• a. Safety in The Assisted Living Community Includes:
  • I. Safety of the Resident himself/herself
  • ii. Safety of Other Residents
  • iii. Safety of Staff
  • iv. Safety of Family, Friends, Visitors
  • b. Safety Issues Also Include:
  • I. Emotional Safety: (Will this decision emotionally destroy the person with dementia?)
  • c. Other Factors that Influence Our Responses:
  • I. Money
  • ii. Tradition
  • iii. Timing
  • VIII. The Person With Dementia Is Not An Object
  • a. Treat the Person With Dementia As An Individual Not An Object
  • b. Two Ways To Approach Decisions:
  • I. View the Person As An Individual But Also As A Part of A Greater Community of Intertwined Relationships
  • ii. Decisions Should Be Based On The Perspective of the Person With Dementia
  • c. You Are Not Alone: Utilize Outside Resources To Help You Make The Right Decisions When It Comes To Difficult Issues In Dementia Care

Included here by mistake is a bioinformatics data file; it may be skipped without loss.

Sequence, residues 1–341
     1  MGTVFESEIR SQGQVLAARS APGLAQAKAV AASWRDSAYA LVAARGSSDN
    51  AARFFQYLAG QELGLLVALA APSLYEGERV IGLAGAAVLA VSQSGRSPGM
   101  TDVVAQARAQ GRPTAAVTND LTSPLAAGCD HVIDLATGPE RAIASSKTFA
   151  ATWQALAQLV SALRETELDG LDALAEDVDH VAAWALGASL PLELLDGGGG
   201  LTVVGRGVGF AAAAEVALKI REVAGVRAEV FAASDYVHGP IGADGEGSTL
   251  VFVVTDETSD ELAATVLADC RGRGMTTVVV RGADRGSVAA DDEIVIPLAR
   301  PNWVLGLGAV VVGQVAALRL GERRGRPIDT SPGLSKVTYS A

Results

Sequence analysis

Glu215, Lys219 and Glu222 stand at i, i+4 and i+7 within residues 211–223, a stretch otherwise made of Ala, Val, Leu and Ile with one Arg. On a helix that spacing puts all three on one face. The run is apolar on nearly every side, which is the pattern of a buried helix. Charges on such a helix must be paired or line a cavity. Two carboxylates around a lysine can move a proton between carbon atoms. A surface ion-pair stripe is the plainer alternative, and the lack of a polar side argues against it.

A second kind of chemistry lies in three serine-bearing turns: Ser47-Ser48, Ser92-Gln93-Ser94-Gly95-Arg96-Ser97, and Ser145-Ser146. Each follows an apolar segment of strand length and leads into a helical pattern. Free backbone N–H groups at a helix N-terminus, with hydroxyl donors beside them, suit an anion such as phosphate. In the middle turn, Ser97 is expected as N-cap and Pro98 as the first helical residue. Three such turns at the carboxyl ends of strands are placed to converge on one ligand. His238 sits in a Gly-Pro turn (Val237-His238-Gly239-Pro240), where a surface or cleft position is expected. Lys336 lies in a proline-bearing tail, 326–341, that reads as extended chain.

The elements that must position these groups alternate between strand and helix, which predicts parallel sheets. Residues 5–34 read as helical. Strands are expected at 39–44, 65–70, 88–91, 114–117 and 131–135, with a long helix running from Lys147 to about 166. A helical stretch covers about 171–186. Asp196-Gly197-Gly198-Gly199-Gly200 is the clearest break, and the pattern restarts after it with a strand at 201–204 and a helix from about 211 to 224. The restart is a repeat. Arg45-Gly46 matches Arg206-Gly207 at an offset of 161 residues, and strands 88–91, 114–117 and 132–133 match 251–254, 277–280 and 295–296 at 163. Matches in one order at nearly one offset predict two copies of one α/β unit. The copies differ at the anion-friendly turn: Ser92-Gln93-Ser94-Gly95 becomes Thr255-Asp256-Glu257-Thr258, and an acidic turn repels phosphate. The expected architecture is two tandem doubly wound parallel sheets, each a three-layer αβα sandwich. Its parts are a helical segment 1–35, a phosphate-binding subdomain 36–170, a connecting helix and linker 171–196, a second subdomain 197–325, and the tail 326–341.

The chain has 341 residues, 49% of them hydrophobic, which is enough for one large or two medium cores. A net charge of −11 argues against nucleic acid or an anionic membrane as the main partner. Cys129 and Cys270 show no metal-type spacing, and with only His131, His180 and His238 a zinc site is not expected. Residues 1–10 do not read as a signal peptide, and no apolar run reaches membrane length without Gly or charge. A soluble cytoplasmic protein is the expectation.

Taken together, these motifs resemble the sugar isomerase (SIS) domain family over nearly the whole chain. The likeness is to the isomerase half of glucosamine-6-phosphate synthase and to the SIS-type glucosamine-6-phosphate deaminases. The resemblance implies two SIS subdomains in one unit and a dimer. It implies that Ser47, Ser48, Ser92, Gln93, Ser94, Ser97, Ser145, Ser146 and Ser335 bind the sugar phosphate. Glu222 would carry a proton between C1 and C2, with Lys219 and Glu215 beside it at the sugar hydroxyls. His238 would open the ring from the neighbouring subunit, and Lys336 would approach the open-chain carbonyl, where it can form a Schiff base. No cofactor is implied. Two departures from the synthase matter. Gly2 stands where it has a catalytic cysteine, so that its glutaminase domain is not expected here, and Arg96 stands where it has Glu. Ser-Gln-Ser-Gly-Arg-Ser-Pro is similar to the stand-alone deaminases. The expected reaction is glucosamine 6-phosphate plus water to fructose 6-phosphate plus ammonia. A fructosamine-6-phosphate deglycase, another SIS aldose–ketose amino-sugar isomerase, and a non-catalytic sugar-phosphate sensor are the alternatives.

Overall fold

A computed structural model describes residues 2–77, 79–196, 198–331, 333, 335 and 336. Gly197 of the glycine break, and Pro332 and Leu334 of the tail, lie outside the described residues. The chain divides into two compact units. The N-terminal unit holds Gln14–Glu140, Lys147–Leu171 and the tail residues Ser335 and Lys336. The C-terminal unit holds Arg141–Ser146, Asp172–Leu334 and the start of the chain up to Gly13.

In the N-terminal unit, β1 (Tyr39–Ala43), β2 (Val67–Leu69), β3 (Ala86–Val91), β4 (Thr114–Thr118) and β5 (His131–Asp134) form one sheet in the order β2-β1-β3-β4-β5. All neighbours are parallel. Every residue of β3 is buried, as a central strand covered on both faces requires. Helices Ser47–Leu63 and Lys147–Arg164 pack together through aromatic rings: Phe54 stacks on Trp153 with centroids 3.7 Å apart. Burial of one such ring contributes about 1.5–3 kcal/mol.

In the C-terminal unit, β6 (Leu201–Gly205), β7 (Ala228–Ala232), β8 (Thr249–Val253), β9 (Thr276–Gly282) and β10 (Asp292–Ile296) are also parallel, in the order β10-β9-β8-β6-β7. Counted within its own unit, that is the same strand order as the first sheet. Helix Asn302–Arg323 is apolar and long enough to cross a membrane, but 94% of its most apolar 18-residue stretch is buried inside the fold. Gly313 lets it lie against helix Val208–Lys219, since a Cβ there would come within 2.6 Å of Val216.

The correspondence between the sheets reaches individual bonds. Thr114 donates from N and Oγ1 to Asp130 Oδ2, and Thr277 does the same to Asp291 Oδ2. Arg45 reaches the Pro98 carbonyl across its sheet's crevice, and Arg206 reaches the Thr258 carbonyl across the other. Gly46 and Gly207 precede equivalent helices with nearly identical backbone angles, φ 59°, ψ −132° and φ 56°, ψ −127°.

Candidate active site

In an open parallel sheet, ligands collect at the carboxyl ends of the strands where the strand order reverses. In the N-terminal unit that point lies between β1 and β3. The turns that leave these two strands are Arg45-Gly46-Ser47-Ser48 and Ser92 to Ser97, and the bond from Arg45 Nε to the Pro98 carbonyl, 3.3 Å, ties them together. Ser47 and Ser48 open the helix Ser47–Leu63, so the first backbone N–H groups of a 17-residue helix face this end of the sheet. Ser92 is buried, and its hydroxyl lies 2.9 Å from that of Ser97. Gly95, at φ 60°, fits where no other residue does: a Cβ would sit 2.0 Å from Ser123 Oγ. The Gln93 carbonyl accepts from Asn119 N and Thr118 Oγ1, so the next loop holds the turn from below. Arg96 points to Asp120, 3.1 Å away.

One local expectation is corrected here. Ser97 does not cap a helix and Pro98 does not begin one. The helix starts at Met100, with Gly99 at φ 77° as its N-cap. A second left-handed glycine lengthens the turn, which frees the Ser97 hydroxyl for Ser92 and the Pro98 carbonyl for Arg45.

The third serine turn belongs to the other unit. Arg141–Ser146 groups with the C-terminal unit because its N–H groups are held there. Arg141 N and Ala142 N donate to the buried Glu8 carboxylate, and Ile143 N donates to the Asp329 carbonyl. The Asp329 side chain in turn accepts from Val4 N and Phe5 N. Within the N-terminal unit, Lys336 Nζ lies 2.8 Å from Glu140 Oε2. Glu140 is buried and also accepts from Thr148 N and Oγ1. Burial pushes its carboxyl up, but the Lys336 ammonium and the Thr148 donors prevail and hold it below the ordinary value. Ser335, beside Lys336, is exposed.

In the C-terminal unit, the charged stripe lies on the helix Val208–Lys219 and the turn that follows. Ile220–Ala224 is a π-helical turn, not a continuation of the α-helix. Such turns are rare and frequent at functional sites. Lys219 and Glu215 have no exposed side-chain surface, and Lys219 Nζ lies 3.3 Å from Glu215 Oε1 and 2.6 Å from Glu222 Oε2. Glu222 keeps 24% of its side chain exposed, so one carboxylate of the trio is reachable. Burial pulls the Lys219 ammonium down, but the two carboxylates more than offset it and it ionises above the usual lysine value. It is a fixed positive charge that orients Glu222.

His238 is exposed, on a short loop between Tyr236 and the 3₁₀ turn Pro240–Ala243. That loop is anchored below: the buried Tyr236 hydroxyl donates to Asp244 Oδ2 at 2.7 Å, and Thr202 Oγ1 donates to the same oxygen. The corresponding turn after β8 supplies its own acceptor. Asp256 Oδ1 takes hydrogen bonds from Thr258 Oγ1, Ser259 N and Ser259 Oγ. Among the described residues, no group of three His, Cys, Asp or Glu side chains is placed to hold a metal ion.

• I. Alzheimer’s Disease
  • ii. Resident’s Families and Friends
  • iii. Resident’s Physician
  • iv. Other Care Providers

Instructor: Josh Allen, RN

Josh Allen is a Registered Nurse with over 20 years of experience in senior living. As the Director of InTouch at Home, Josh oversees all aspects of business development, care, services, and operations for the organization. As a part of the SRG Senior Living family of companies, InTouch at Home delivers personalized care and services to clients living in senior living communities as well as private residences across three states.

Josh also serves on the board of the American Assisted Living Nurses Association, and represents AALNA on the boards of the Center for Excellence in Assisted Living and Coalition of Geriatric Nursing Organizations. Josh has previously served as President and CEO of Care and Compliance Group, a leading training solutions provider.

Additional Information

Canonical Link No
Course Type Online Course

Ethical Issues